The Smiths

by Simon Mills
I am not a Smiths fan - listening to their new single 'Heaven Knows I'm Miserable Now' for me is like receiving a Buzzcock in a discreet brown paper parcel from a Manchester mail order company and discovering that the batteries are not included. I was expecting their guitarist Johnny Marr - Beatle-cut now trimmed to a Sixties bouffant a la Small Faces - to make dull retrospective references to The Lovin' Spoonful and ramble on about how listening to Jim Morrison had changed his life. Instead he shared my hatred of today's faceless, synthetic popsters and convinced me that his group were intent on injecting something realistic and worthwhile into the top forty.

So what about the Thompson Twins, Johnny?
The Thompson Twins, Howard Jones, Nik Kershaw, are the epitome of what is wrong with either the music industry or the record buying public - everybody has got so used to safe, tidy music and unimaginative lyrics. When 'This Charming Man' was unleashed on the public it did sound really fresh and exciting. There are still a few artists who retain some musical integrity - Julian Cope and Echo and the Bunnymen for instance.

How did you develop that choppy but melodic guitar sound?
I used to listen to a lot of old Tamla Motown records with distinctive brass and piano parts and I try to adapt those to my guitar playing. The riff on 'Girl Afraid' for instance is one I always imagined as a heavy piano part.

Would you ever consider using the arsenal of electronics currently available to musicians in the making of a Smiths record?
No, we would never use a Linn-Drum or a drum machine. The only use a synthesiser would be to us would be for string parts and we'd rather use real strings - any other sound I try to achieve with the guitar. Having said that, I've just finished working on the guitar part for the new Quando Quango record which is totally electrofunk. Although their sound is totally alien to me I enjoyed the challenge.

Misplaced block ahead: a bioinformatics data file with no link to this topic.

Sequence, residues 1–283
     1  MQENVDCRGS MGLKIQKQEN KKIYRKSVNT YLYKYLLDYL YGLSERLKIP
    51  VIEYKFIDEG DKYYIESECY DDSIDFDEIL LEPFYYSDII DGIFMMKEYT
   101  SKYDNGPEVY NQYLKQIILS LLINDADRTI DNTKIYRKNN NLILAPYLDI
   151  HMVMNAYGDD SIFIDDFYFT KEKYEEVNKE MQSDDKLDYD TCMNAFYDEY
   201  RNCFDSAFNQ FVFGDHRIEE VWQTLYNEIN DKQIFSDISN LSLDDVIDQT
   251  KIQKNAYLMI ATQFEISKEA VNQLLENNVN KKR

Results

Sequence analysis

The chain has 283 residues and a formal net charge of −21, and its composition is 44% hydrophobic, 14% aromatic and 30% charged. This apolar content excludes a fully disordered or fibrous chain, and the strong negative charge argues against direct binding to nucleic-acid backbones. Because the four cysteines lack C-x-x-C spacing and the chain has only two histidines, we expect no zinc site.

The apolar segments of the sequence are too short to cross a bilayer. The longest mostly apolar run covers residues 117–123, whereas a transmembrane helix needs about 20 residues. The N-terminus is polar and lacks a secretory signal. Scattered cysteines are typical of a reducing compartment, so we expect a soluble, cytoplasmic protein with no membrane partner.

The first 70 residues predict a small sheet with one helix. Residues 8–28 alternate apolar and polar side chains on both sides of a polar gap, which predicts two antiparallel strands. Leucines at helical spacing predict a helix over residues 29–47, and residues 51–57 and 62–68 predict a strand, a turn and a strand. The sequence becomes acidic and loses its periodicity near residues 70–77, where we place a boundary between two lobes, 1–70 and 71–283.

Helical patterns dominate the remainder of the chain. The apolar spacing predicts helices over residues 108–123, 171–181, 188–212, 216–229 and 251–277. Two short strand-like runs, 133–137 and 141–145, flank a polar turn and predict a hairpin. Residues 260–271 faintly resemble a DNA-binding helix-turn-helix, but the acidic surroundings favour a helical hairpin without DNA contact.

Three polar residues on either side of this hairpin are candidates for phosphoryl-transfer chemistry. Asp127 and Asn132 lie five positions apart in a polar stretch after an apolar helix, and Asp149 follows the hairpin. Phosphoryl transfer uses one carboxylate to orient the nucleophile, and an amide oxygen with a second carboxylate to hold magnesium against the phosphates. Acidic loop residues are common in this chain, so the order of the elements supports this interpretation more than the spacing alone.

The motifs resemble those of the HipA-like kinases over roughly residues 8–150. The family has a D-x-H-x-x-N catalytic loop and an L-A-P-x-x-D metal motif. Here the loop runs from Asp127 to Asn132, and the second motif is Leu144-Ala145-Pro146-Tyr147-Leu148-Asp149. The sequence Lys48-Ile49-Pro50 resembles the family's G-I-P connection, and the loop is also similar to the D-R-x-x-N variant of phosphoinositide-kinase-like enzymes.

Have you made much money from pop music?
Not as much as I'd like to - as soon as I get it I spend it - clothing is my second love next to music, I've also bought a beautiful white 1964 Rover 2.6 litre so I've been bombing up and down from Manchester to London.

How do you react to accusations of arrogance and conceit thrown at the Smiths?
It always surprises me. When we first started the group we were all sick of the way many groups would adopt a cool persona for interviews. Our interviews were always so embarrassingly honest and unpremeditated.

You've inspired legions of beaded youths in expensive shirts, black Levi's and suede chukka boots - fans are obviously an integral part of the Smiths organisation.
It's a good thing that in certain circles they can wear brooches and flowers and can be accepted as the normally dressed man without being attached to a gimmicky gender bending thing - ours is a more realistic style.

Why did you have your hair cut?
Everytime I try to grow my hair form I become riddled with spots!

I've noticed that Sade has criticised the Smiths in a couple of recent interviews.
I don't really think too much about her, I think she'll come and go. I'd rather stick on a Billie Holliday record and hear the job done properly.

Did Morrissey tell Sandie Shaw to roll around on the floor when you performed 'Hand In Glove' on Top Of The Pops?
No, she was doing it with reference to Morrissey - the most obvious thing she could have done was to go on swinging flowers around her head or wearing national health glasses, but what she did was much more subtle than that.

How many of the Smiths are gay?
None of us are actually gay - Morrissey doesn't participate in sex at the moment and hasn't done so for a while, he's had a lot of girlfriends in the past and quite a few men friends. The rest of the band, however, are all sex maniacs.

What's the worst thing that's happened to you since you formed the Smiths?
Definitely the horrendous Old Grey Whistle Test concert which I'm really ashamed of. The only consolation was imagining thousands of straight-laced families sitting down to their tea watching Morrissey singing 'Let me get my hands on your mammary glands!'

Taken from UK Pop Magazine 'Record Mirror', June 9th 1984, page 14. Cover star for this issue was Green from Scritti Politti!
Donated by Peter Aston.